Thursday, April 30, 1998
Q. You often speak of tax-managed mutual funds and index funds as good long term investments outside of qualified plans. What about Standard and Poor's Depository Receipts ( SPDRs, listed on the American Stock Exchange, ticker symbol SPY)?
These would seem to offer most of the same advantages, and, if purchased from a deep discount broker with flat fees of $20 or less per transaction, would be essentially no-load. Of course, one wouldnt want to do this on a regular monthly basis but the management fee is extremely low (less than 0.2 percent) and the only capital gains incurred prior to selling the SPDRs would be when S&P changes the stocks in the index, right?
—J.P., Plano, TX
A. Right. These relatively new instruments— SPDRs that allow you to buy a unit representing the S&P 500 Index, WEBs ( World Equity Benchmark Shares) representing units for 17 different national markets, and Diamonds (units representing the stocks in the Dow Jones Industrial Average) all offer the benefit of limited to non-existent capital gains distributions because the represented portfolio is held, not traded.
There is, however, a subtle difference between these shares and those of open end index funds such as the Vanguard Index 500. A rapidly expanding open-end fund has the additional advantage of constantly diluting existing unrealized capital gains over a larger number of shares.
Suppose, for instance, that a fund has $100 million in assets with $50 million in unrealized capital gains on 10 million shares. It will have unrealized capital gains of $5 a share ($50 million divided by 10 million). If the fund attracts additional shareholders and grows to $200 million and 20 million shares but has no further gains, the unrealized capital gains will be diluted to only $2.50 a share ($50 million divided by 20 million shares).
The rapid expansion of index fund assets and shares over the last ten years has contributed to their tax efficiency as well as their low portfolio turnover. When comparing index funds with these new instruments you need to weigh the value of this feature against features the new instruments have that open end funds dont have: intraday trading, easy use of margin debt, and possible short sales.
My personal view is that the new American Exchange units represent a very nice way for people with portfolios of individual stocks to achieve broad diversification while still holding something as tradable as a common stock but they are less useful for people who concentrate their investing in mutual funds.
Q. I've recently been wondering how much cash I should keep available.
Standard response is 6 months supply. Is that valid? What exactly is cash? Some answers are easy. But what about stock? As long as I'm willing to sell it, can I still consider it cash? In a tight labor market, can the cash supply be lowered? Do I still need 6 months supply if I work in a field where I can go out today and get another job?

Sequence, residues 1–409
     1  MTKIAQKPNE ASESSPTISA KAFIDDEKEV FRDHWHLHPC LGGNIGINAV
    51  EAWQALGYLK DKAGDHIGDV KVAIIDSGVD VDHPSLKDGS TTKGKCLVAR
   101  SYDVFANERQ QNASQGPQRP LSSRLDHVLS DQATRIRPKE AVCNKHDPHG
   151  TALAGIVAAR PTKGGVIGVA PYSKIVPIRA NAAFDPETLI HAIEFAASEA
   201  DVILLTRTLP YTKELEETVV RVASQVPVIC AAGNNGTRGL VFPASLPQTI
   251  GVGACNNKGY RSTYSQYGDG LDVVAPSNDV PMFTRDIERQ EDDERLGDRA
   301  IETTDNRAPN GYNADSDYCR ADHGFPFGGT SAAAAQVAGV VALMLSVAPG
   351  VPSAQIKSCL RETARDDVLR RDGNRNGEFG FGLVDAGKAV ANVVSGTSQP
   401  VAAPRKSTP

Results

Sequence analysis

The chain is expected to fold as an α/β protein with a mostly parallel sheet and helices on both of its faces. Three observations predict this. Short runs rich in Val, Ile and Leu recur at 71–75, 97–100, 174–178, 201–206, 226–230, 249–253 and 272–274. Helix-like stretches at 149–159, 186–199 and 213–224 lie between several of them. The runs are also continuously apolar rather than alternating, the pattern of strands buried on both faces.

When is it more important to hold cash? Example: Say I have two cars with a car payment on each, and $10,000 in cash. Should I wipe out my cash to pay off a car, or hold the cash and continue to pay off the car with the standard payment each month? Which will serve me better in a sudden recession or job loss with poor employment prospects; a paid off car, or a larger reserve of cash?
— D. L., Dallas, TX
A. The size of your cash reserve depends entirely on how long it would take to replace your job. If you work at a fast food restaurant, you'd only need a few days because there are "Help Wanted" signs in every franchise window. If you have a special skill you need more of a reserve even when jobs are plentiful because it takes time to match the jobs with the skills. Computer programming is a good example. There are plenty of programming jobs but finding a good place to work that needs particular skills might take several months. If you are an executive you need to allow even more time— personnel experts start talking about a year of reserve.
Most people have a comfort zone in which they feel secure. Having a cash reserve can also be crucial in a major part of getting a new job, the salary negotiation. If you're on the ragged edge, not having the confidence of cash can cost you thousands that you will never make up.
Cash and "cash equivalents" are any investment that has little or no fluctuation in value and that can be liquidated and used in a few days. This means bank deposits, bank money market accounts, money market mutual funds, and short term Treasury obligations.
Cash does not include common stocks because their value can fluctuate greatly. While stocks can be your "deep reserve", they aren't very good for dealing with immediate problems— you dont want to be in a position of having to sell a stock.
I'd hold the cash over paying off the car loan. If you need to sell a car to raise cash you are immediately in the victim position. Youll be overwhelmed with lowball offers. No one should ever, ever underestimate the value of cash.